December 12, 2010

Let's Crack Some Nuts

In a fit of spontaneity, I talked Josh into taking me to New York City to see the New York Ballet dance The Nutcracker at Lincoln Center. (Life long dream!) I’m still not sure how I managed it. I clearly must have one of the nicest husbands around.

Thankfully, I have a lot of family in New Jersey and New York, and they were so kind, offering advice on how to travel and where to eat, not to mention putting us up and babysitting for us. A thousand thank yous to all you beautiful people!

There are some things that you dream of, and you build them up in your head, and they’re so beautiful. They become far more beautiful than anything real life could offer. After so many years of dreaming about seeing The Nutcracker in NYC, I was afraid that I was setting myself up for disappointment. It was more than I had imagined.

The theater was a soft, gold jewel box. Each tier of balconies had giant diamond-like sconces, the balconies stacking four high. The ceiling vaulted over everything in an almost fractal-like swirl pattern with a massive gold and crystal chandelier. It was a giant globe of diamonds and gold fitted into the center of the ceiling.

The sets were ornate, lush, and so Russian. The stage was framed out in gold filigree with red and green accents. The Land of Sweets was sugar lace and candy stripes. The Christmas tree, which was close to 20 feet to start with, grew out of the stage until it went from the floor to the very top of the curtain—the trap door itself must have been 15 feet across to let the tree up from the depths of the theater. Then, as Marie (I did find it weird that it was Marie and not Clara) and Fritz leave for the Land of Sweets at the end of the first act, the entire tree was lifted into the rigging and the set was changed for a cool, snowy forest. When the Snowflakes danced as it snowed on stage to close the first act, it was like a snow globe had come to life.

When I was a child and dancing in The Nutcracker (I was a Ginger child and a toy soldier), we danced to a recording of the ballet. The sounds of the pit orchestra warming up filled the air the moment we entered the theater. They were flawless. Having both danced to and played The Nutcracker Suite, it’s a piece of music very near and dear to my heart. It would have been joyful just to listen to the music.

But of course, I save the dancing itself for last. I was surprised to see so many children in the ballet. They couldn’t have been more than 12 years old, and all of them were wonderful. The first act, during the Christmas party requires quite a bit of acting, and the children looked so purely joyful, as if this really were their Christmas party. My favorite of the first act had to be the defeated mouse soldier who so mournfully followed her dead leader off stage. It was a very sad mouse.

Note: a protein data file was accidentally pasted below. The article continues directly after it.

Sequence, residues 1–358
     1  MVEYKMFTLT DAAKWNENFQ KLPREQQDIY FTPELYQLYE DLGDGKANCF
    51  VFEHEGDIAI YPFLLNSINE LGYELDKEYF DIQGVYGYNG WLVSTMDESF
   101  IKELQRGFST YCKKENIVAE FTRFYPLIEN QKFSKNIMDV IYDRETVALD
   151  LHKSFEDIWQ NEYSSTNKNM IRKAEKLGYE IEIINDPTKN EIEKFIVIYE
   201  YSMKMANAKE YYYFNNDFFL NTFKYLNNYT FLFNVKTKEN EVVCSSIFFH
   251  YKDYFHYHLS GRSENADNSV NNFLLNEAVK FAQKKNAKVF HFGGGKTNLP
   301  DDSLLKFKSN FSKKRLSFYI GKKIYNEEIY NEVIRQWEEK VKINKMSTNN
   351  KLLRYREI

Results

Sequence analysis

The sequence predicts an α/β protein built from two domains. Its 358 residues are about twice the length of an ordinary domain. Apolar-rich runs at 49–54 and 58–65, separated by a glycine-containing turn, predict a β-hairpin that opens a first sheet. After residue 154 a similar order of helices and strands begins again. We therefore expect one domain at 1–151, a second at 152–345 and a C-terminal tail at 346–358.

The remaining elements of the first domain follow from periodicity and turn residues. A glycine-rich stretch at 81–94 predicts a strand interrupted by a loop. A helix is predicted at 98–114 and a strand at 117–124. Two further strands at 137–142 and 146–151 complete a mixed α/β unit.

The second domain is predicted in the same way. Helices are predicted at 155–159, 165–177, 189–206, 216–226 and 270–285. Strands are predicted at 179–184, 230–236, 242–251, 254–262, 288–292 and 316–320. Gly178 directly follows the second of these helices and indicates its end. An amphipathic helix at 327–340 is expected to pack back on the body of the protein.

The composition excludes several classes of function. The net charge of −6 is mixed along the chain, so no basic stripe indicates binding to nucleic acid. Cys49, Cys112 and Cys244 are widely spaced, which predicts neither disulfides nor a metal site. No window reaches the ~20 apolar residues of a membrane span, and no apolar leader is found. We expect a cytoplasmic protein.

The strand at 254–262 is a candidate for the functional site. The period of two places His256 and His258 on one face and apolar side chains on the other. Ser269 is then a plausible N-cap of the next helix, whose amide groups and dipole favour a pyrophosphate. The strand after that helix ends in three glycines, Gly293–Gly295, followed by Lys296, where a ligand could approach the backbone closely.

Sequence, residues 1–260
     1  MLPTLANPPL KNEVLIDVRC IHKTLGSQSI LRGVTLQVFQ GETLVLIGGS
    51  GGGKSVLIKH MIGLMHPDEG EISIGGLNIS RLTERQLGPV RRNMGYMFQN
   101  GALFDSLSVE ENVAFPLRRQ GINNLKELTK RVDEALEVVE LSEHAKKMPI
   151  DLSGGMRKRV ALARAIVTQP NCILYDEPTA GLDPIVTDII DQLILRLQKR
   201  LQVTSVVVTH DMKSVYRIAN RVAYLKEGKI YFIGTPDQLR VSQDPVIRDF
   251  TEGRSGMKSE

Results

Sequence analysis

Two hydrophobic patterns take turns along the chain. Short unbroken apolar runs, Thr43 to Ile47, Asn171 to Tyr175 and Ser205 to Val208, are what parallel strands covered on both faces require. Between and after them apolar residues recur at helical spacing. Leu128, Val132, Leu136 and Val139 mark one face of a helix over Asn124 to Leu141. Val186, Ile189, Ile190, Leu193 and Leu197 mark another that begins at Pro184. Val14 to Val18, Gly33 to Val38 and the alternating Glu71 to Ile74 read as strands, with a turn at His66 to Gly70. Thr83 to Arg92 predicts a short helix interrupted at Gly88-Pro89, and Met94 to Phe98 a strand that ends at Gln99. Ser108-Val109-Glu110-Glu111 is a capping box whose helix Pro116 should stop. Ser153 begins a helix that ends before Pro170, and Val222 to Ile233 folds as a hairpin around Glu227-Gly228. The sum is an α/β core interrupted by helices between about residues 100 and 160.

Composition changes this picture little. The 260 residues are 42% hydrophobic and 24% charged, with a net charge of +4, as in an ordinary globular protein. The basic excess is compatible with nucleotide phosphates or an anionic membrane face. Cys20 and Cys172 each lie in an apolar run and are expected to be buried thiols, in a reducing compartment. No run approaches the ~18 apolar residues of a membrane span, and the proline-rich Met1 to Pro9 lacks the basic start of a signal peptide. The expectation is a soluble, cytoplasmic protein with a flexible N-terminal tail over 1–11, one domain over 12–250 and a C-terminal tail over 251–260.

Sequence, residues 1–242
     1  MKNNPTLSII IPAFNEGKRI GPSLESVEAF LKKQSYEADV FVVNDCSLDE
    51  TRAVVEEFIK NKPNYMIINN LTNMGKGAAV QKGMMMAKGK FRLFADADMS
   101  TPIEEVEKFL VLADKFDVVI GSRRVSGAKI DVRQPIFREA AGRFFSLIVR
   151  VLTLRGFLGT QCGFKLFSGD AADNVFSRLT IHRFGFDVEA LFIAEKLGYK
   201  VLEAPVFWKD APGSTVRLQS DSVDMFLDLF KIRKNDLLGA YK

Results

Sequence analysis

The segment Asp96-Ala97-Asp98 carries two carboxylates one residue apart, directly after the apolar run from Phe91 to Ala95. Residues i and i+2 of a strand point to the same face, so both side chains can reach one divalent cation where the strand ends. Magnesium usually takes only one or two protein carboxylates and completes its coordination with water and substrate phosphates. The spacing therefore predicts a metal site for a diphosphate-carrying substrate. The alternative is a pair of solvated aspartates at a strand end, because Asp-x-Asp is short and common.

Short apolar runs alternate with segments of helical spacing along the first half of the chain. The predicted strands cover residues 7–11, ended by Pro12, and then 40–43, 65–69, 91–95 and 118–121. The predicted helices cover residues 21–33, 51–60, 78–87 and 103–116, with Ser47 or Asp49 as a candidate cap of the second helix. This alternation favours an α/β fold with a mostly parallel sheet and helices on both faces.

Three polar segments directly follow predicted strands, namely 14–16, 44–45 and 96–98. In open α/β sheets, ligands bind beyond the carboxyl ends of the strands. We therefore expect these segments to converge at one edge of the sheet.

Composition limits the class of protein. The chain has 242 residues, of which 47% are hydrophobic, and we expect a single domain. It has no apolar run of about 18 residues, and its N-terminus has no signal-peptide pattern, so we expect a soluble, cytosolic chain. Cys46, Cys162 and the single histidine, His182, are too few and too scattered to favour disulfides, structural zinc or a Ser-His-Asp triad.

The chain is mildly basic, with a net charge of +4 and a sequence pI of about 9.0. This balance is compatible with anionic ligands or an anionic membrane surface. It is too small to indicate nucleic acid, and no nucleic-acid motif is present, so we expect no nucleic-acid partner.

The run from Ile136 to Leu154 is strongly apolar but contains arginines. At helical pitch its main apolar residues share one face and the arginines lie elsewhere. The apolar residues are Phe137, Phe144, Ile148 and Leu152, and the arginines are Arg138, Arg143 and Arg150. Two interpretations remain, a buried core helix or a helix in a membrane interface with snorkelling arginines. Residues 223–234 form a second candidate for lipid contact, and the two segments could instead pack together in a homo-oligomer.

No matter how much you enjoy the first act of The Nutcracker, the real dancing happens in the second act. Josh, who hadn’t seen the ballet before, recognized one or two themes of the first act and about three-quarters of the second. That’s where you get the Sugar Plum Fairy’s dance and the Waltz of the Flowers. If you’ve seen Fantasia, you’ve heard the second act.

Part of the fun of the second act is how kitschy the “ethnic” dances are. The ballet was written in 1892, so the Spanish, Russian, Chinese, and Arabian dances are all exaggerations and no one thought of political correctness. The Chinese costumes especially still reflected an old-fashioned, Breakfast-at-Tiffany’s-Mickey-Rooney-dressed-as-an-Asian-man feel. But the ballet is such a classic that you can hardly hold a grudge.

The Arabian dance was done as a solo. The dancer actually had finger cymbals and played the chimes for the music at certain points. It added another level of complexity to the dance that really brought out the musicality. Very cool.

But I will save my last gushing for the Sugar Plum Fairy. I’ve been to professional ballets two or three times. I’ve never seen a stronger ballerina. During the Pas de Deux she went on point, one leg straight out behind her, and through some trick of stage work her partner pulled her forward, on one foot, for five or six feet. Her leg never moved. You could see their arms shaking from the effort, but her body was completely motionless. A few moments later she followed it up with an extended turn sequence where again she was firmly planted on one toe, like a ballerina in a jewelry box. It was completely amazing.

There is so much more to tell, about the city during Christmas, which I’d never seen before, and our mad cap traveling on New Jersey Transit and cabs, but this is going a little long.

For all of you who have seen and love The Nutcracker, you know how magical it can be. For me it holds nostalgia not just for my young childhood, but also for the many teenage years playing viola. I smiled the entire show and nearly cried more than once. If you’ve never seen the ballet, go. It’s like nothing else.

1 comment:

  1. In my experience, EVERYTHING about NY is magical. Never disappoints.


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